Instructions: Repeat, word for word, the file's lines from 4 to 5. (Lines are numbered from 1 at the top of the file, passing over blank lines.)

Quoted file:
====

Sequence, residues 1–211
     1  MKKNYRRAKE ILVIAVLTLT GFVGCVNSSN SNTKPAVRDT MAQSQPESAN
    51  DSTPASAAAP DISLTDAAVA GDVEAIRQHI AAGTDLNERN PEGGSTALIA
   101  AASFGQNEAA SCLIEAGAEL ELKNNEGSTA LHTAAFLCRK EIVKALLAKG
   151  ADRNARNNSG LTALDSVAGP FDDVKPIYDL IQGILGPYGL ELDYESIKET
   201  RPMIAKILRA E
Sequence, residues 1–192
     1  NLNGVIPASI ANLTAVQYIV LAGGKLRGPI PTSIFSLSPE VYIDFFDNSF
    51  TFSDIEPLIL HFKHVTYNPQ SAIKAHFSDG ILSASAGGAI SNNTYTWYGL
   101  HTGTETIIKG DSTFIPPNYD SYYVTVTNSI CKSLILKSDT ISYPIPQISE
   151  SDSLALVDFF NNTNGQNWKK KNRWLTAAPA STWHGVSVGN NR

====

   101  AASFGQNEAA SCLIEAGAEL ELKNNEGSTA LHTAAFLCRK EIVKALLAKG
   151  ADRNARNNSG LTALDSVAGP FDDVKPIYDL IQGILGPYGL ELDYESIKET